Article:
By Yaman Akdeniz

MA Research student at the Criminal Justice Studies of the Law Faculty of University of Leeds, Leeds LS2 9JT.

E-mail: Copyright © 1996 Yaman Akdeniz.

Please cite as Yaman Akdeniz, "Pretty Good Privacy & Clipper Chip & ITAR" August 1996, Cyber-Rights & Cyber-Liberties (UK) at

The purpose of this short paper is to explain what is PGP, Phillip Zimmerman's powerful encryption software and the US government's proposed encryption tool, the Clipper Chip. This will be helpful for the UK readers to understand the encryption debates in the United States. US export regulations are also examined with links to recent cases.

PGP and Phillip Zimmerman

Pretty Good Privacy ("PGP") is a cryptography software which works on the same principle that public key systems use, but has many more features (1). PGP is the most used encryption tool by the Internet users because it is widely available on the Internet for free and it is considered for the present unbreakable. PGP is based on the RSA algorithm and it is by today's computing standards uncrackable. Philip Zimmerman, the creator of, PGP, explains it as:

"well featured, fast, with sophisticated key management, digital signatures, data compression, and good ergonomic design." (2)

In April 1993, while Zimmerman was preparing to release the initial version of PGP, the US government announced its own public key cryptographic software, the Clipper Chip. Zimmerman completed and released PGP hoping that it would be seen as a good alternative to the government's proposal but he had been under investigation for alleged violation of export regulations, with a grand jury hearing evidence for about 28 months, which ended in January 1996 (3). He was under investigation because the disclosure or transfer of cryptographic software to a foreigner constitutes export under the ITAR (4). But Zimmerman never exported the PGP, he created it, encouraged its use and distributed to friends and colleagues, one of whom posted it to an Internet Usenet discussion group (5). The Federal Government decided not to prosecute Mr. Zimmerman and did not explain why they dropped the investigation (6).

US Clipper Chip

Clipper chip is an escrowed encryption project proposed by the Clinton Administration first time in April 1993. This Escrowed Encryption Standard ("EES") uses a classified symmetrical algorithm developed by the National Security Agency ("NSA"). Escrowed encryption means that two government agencies, the National Institute of Standards and technology ("NIST") and the Department of Treasury, each hold half of the encryption key. The Clipper chip is available on hardware and not on software and the US Government's initial idea was to install the chip in every telephone, fax machine and modem and make it a national standard. By creating a national standard on this basis the US law enforcement agencies would be able to decrypt any messages encrypted by using the Clipper Chip upon due authorisation. The Clipper Chip was opposed by many civil liberties groups on the ground that it would infringe the privacy of users by the fact that the government has access to the keys. The image and fear of an Orwellian (7) style Big Brother Watching emerged.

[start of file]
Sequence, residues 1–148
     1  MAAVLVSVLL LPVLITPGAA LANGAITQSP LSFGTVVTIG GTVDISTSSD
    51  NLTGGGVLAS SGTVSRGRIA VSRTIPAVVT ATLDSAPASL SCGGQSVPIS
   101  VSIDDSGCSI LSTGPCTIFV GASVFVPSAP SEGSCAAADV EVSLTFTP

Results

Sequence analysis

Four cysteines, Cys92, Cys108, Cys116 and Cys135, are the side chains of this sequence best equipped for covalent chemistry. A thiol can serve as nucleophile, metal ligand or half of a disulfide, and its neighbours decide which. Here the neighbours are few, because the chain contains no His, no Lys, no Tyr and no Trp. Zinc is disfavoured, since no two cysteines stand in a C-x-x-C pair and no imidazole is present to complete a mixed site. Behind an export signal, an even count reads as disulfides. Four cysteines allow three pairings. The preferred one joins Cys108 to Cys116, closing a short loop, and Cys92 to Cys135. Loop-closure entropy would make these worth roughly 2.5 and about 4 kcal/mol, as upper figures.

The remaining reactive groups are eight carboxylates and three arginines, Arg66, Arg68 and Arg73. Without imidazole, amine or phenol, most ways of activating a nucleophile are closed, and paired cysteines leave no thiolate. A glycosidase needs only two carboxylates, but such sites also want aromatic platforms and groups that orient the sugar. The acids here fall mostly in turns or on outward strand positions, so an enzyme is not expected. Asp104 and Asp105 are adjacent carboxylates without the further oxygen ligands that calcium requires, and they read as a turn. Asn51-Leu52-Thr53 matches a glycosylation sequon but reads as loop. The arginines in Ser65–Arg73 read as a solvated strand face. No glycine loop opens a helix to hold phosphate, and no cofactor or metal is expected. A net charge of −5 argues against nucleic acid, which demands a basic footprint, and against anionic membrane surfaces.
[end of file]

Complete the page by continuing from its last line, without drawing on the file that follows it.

According to the FBI, wiretapping is crucial to effective law enforcement:

"If the FBI and local police were to loose the ability to tap telephones because of the widespread use of strong-cryptography, the country would be unable to protect itself against terrorism, violent crime, foreign threats, drug trafficking, espionage, kidnapping, and other crimes." (8)

The US Government in December 1995, presented a revised version of their Clipper Chip proposal which keeps in place the current export ban on strong encryption tools but allows for the export of moderately stronger, 64-bit key systems with key escrow systems (9). This new proposal known as Clipper II, does not go far away from the initial proposals.

In May 1996, the US Government came with a new proposal, "Achieving Privacy, Commerce, Security and Public Safety in the Global Information Infrastructure" (10) which would establish a new public key infrastructure for encryption. Such a public key infrastructure proposed by the new proposal already dubbed as Clipper III, would enable users of encryption to clearly identify the people they are communicating with, and is widely viewed as an important prerequisite for the widespread use of secure electronic communications. However, as the Center for Democracy and Technology argues, Clipper III will not meet the privacy and security needs of Internet users because all users of the new system would have to ensure government access to their encryption keys through an approved key escrow agent (11).

It will be difficult to find a foreign market and foreign users for these products with the key escrow system, whatever their length is, because Big Brother will be watching abroad as well (12). Clipper Chip proposal would also limit the survival of some dissident movements where anonymity is an essential feature (13). Cryptography allows unprecedented anonymity both to groups who communicate in complete secrecy and to individuals who use anonymous e-mailers over the Internet to hide all traces of their identity when they communicate (14). Key escrow and the clipper chip threatens this kind of anonymity on the Internet (15). The government agents will be able to identify the content of e-mails and the destination of the messages.

Arms Export Control Act (16) & International Traffic in Arms Regulation (17)

Export of cryptography software with encryption keys over 40 bits long generally cannot be exported from the United States for reasons of security under the Arms Export Control Act ("AECA") (18) and the International Traffic in Arms Regulation ("ITAR") (19). The AECA was enacted to permit the Executive Branch to control the export and import of certain items in order to further "world peace and the security and foreign policy" of the United States (20). Cryptography software is included in the United States Munitions List ("USML") (21). Section 121 XIII(b)(l) includes: